Pirmohammad Mollazehi told the Strategic Council on Foreign Relations that the United States has not made any change in its policy in Afghanistan, referring to the recent remarks by the US officials on delaying the withdrawal of American forces from Afghanistan.

He said that the agreement signed between the Trump administration and the Taliban had two sections.

“The confidential section was not released. The other section had to parts: the United States would withdraw its forces from Afghanistan and the Taliban would in return commit themselves not to supporting and stationing radical Islamist groups in Afghanistan to act against the interests of the United States and its allies.”

He added that the confidential part may have proposed that American forces would continue their presence in two military bases in Bagram and Shindand in an agreement with the Taliban as they have heavily invested in equipping those two military bases.

“Americans would continue their military presence in Afghanistan not to lose it to their rivals like what happened in Iraq. As Joe Biden said in the Munich Security Conference, the United States feels committed to its coalition with the NATO and that the US would not allow Daesh to reinforce in Afghanistan and that the United States is examining the status of its forces across the world.”

The United States will not repeat its Iraq mistakes in Afghanistan

This analyst of Afghanistan affairs said US Special Envoy Khalilzad has probably reached an agreement with the Taliban to maintain and keep these two military bases with about 1,500 forces.

“The US strategy in Afghanistan and the whole world is a long term strategy which will not change with the replacement of a president in the White House. The new US president can make some changes at the tactical level; however, the US general strategy remains clear all across the world.”

Asked about the analysis of US behavior and its rivalry with China and the establishment of two blocks of power, Mollazehi said if the United States leave Afghanistan, Iran, Russia and China would be the normal winners of the scene.

“They {Americans} will not repeat the mistakes they did in Iraq. I think we will witness the convergence of the United States with Europe and NATO on Afghanistan.”

Ethnic groups would not go once again under the influence of the Taliban, he said, referring to the probability of the intensification of violence in the light of the continuation of the presence of the United States in Afghanistan.

“The issue of the continuation of violence in Afghanistan is a complicated issue. It is true that the Taliban have entered the so-called negotiations with the United States and have even reached an understanding. However, the Taliban have failed to conclude an agreement and reach understanding with the central government. Issues raised by the Taliban are very complicated. For example, in Moscow they said the Afghan government should be deposed and an interim cabinet should be formed. Normally, other ethnic groups would not go under the influence of the Taliban again as they have gained concessions themselves.”

Asked about the level of flexibility by the Taliban, Mollazehi said the current trend indicates that the Taliban remain intent on establishing an Islamic emirate whenever possible. The Islamic emirate means they do not accept the constitution. Nor do they accept this government and the structure of power formed under the government.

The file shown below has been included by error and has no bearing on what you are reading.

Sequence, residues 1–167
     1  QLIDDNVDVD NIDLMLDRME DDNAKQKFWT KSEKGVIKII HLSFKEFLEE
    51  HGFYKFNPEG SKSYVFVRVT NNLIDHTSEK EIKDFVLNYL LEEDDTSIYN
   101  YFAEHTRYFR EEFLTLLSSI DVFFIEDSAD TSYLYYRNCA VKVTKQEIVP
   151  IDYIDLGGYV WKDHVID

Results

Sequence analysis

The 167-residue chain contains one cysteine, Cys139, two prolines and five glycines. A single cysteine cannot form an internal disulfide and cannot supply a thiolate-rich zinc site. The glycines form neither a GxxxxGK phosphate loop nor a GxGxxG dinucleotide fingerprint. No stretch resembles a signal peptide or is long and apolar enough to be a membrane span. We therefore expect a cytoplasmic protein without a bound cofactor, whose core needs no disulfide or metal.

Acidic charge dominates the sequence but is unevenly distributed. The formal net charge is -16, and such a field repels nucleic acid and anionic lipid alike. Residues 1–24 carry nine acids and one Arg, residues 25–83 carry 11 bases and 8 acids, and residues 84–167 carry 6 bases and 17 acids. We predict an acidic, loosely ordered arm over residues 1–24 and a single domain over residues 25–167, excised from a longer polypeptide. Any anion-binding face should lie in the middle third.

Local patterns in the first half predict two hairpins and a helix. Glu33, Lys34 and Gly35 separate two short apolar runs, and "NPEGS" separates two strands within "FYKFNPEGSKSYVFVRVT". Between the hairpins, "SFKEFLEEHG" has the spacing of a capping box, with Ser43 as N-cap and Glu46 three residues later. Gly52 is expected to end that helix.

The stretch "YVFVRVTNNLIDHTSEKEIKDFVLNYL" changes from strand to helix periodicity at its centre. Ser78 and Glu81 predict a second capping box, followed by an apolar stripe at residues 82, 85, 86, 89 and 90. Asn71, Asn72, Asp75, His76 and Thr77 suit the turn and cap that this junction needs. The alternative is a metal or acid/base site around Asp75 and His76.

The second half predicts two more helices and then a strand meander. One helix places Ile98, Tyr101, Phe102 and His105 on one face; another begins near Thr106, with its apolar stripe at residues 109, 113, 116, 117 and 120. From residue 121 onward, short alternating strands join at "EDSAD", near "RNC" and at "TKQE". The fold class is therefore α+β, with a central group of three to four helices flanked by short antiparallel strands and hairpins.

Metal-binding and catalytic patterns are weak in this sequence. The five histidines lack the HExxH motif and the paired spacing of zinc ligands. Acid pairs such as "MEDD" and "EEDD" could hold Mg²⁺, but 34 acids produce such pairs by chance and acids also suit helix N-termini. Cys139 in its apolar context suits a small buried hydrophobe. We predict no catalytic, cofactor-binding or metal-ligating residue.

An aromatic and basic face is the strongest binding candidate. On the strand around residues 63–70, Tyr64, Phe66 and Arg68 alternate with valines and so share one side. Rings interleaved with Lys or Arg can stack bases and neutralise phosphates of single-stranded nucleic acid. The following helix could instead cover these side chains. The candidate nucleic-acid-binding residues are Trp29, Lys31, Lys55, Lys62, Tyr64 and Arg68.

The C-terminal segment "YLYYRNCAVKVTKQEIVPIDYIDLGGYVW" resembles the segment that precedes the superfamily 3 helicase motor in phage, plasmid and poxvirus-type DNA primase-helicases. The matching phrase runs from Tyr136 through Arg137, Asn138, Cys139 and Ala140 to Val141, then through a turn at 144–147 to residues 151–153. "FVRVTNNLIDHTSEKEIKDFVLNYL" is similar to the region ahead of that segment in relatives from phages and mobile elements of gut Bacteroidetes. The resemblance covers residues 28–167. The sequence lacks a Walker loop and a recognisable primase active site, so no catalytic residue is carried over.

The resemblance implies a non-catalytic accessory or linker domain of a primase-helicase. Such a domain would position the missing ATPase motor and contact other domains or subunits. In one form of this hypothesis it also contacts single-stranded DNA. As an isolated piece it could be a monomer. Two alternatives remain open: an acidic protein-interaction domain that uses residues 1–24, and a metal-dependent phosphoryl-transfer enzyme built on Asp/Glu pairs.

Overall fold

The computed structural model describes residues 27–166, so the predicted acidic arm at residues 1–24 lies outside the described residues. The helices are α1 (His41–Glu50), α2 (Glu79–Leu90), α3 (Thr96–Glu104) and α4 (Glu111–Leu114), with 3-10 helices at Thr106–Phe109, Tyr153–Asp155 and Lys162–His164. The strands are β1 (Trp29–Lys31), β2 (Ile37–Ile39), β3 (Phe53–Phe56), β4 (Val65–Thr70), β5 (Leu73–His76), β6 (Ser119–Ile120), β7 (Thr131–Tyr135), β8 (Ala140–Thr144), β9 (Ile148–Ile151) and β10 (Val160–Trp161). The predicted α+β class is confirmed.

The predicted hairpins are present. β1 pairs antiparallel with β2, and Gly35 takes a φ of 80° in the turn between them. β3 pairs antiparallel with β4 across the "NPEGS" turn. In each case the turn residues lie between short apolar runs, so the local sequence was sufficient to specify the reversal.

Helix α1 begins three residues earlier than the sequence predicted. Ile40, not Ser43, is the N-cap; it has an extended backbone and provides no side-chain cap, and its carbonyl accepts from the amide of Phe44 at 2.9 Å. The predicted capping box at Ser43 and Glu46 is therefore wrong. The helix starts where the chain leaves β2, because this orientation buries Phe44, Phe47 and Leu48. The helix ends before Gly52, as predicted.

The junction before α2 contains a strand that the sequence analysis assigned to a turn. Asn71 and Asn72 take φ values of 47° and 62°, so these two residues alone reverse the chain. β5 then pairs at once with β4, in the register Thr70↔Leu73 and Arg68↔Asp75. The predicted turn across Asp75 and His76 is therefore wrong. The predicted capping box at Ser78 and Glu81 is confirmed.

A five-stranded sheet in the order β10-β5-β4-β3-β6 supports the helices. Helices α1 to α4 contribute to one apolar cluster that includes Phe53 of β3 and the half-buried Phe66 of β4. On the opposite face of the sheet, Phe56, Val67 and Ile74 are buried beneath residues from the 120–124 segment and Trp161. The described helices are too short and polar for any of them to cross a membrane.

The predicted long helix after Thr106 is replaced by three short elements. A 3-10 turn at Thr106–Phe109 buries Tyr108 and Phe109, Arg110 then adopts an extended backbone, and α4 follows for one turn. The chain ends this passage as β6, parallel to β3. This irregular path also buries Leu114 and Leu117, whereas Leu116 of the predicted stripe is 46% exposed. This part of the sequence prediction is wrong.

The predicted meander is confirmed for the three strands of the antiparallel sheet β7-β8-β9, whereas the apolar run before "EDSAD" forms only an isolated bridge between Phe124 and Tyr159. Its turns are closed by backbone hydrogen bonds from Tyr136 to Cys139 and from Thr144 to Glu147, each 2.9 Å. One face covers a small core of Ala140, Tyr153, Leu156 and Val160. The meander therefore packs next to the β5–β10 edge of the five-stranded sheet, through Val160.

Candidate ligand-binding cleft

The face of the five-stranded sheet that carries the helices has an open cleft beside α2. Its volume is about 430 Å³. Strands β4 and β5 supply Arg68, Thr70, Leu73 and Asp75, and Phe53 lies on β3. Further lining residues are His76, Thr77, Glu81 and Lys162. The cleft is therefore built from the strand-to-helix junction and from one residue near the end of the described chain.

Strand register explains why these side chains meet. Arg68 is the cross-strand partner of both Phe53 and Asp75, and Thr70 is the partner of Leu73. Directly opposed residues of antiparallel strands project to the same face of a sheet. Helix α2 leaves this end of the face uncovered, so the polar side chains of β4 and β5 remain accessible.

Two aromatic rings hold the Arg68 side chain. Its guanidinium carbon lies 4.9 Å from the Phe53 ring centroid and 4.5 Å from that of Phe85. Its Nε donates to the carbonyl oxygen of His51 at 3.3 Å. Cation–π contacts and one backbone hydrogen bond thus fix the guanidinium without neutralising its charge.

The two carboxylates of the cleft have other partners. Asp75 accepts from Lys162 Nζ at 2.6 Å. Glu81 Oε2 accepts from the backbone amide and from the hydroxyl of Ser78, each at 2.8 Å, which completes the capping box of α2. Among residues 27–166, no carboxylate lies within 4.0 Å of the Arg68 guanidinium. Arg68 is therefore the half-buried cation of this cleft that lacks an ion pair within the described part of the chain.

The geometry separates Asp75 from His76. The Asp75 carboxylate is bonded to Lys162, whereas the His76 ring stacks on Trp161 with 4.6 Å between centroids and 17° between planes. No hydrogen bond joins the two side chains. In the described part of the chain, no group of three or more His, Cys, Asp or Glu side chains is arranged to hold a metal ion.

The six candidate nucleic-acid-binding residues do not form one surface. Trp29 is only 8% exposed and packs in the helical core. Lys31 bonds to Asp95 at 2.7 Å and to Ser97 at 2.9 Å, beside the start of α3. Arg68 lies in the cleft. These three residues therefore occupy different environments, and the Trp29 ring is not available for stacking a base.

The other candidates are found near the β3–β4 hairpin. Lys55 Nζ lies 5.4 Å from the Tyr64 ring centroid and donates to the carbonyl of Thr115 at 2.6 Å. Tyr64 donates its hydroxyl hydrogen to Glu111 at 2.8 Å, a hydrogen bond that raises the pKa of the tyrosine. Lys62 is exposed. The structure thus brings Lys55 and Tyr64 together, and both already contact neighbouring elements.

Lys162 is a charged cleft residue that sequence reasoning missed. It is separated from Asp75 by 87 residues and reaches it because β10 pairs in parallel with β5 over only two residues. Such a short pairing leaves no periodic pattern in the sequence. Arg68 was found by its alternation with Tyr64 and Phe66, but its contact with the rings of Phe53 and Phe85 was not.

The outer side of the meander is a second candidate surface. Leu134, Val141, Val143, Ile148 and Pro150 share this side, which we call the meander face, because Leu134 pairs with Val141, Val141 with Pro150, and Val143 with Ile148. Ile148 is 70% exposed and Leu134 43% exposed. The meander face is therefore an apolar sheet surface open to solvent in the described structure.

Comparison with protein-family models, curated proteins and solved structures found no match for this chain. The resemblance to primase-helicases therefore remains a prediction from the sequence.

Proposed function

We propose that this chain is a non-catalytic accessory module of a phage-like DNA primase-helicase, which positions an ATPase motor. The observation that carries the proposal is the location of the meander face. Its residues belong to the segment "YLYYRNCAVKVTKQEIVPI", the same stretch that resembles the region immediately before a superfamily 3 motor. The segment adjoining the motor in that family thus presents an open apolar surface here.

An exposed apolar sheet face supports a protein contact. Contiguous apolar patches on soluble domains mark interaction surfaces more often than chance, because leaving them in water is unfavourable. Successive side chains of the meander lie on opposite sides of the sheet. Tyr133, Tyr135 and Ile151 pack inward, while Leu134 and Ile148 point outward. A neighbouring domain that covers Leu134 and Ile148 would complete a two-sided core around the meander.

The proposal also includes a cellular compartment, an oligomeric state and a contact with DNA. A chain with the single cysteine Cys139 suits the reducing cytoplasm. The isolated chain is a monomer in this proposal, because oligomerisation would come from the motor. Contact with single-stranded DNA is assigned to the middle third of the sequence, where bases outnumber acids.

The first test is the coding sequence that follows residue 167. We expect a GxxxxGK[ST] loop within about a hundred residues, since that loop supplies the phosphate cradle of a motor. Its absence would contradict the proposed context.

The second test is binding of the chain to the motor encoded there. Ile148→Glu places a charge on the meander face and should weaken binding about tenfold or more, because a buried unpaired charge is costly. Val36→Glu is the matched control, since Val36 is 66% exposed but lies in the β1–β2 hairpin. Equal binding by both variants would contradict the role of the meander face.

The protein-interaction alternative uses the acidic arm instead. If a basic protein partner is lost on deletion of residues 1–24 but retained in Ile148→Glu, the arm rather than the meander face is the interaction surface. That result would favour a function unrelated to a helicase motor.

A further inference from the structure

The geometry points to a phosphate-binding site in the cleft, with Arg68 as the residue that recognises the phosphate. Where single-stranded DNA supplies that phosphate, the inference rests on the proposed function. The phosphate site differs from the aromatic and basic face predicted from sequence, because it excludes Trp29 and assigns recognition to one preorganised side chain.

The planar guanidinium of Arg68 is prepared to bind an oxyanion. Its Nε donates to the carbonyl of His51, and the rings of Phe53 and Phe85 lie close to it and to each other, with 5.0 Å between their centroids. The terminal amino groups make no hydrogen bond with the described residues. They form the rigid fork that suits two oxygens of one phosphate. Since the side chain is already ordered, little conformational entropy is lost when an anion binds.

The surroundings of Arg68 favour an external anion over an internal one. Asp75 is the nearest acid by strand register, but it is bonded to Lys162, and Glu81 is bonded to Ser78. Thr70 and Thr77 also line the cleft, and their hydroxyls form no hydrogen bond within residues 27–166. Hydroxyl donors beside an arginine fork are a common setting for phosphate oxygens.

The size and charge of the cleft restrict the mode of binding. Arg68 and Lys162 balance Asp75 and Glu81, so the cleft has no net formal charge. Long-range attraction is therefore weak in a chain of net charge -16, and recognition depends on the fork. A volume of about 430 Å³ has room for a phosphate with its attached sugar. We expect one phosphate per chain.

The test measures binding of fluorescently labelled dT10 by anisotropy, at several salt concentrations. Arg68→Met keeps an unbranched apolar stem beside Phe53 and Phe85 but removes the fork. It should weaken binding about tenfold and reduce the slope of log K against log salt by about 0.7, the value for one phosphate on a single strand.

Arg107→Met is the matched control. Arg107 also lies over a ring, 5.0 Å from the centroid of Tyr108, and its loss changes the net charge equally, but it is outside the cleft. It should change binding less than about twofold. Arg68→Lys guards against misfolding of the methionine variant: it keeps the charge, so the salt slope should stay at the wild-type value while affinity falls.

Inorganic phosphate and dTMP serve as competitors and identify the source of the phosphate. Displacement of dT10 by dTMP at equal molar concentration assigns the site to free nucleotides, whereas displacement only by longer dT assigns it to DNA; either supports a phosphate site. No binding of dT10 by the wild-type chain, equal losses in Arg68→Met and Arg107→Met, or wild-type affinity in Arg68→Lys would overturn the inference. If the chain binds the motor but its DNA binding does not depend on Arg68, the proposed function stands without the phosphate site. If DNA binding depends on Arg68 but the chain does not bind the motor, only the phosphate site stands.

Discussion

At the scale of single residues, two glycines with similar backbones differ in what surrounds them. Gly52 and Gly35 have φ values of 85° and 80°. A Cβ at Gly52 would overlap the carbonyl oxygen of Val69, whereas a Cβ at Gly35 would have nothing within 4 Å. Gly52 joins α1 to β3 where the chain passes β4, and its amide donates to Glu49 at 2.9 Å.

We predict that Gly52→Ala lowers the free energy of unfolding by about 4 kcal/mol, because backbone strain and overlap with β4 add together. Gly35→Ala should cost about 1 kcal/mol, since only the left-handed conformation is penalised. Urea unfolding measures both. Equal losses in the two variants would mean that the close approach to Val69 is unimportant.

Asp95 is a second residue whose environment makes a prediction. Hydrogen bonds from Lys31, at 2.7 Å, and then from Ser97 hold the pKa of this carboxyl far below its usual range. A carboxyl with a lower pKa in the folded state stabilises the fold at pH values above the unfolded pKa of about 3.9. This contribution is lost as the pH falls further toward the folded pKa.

Referring to the causes of the continuation of violence in Afghanistan, he said that the Taliban are ideologically and ethnically monopolists.

“Given these two features of the Taliban, it seems the issue of violence in Afghanistan is more complicated. The most important issue is that the Taliban should amend their stances and accept other groups as well. The Taliban need to complement the present structure of power which is centralized in Kabul and the federal government.”

Afghanistan in need of a federal system

He said a federal state should be established in Afghanistan so that non-Pashton tribes could exercise power in their own areas and also gain a share of power in the center so that if a new amendment is made to the constitution, it is guaranteed.

If this does not happen, Afghanistan may move towards the disintegration of land, he said.

Mollazehi added that “General Doostom, Shia groups and Afghanistan Islamic Society have separately announced that they will not accept Taliban’s full domination and they will instead take up arms. If we study these days the newspapers and private televisions of Afghanistan, we can see that they say it is to the expedience of Afghanistan to be disintegrated into two countries: Khorasan in the north and Pashtoonestan in the south.”

Taliban should show flexibility

He emphasized that these issues are very serious.

“It is not the case that conditions are for the Taliban to think they can simply take power and omit other groups like the past. The fact of the matter is that during the past 19 years, the Afghan society has changed in many areas such as the rights of women and freedom of the media. How can one resolve this contradiction of approach between a society which has changed and the Taliban that showed they are not prepared that much for change? Unless the Taliban show flexibility, there is no other solution.”

According to Mollazehi, the Taliban is ideologically under the influence of Saudi Arabia and politically and militarily and logistically dependent on Pakistan.

“There are two types of rivalry in Afghanistan. One is the Shia-Sunni ideological competition and the other is the political and military competition between India and Pakistan. Therefore, the issues are more complicated than they might seem.”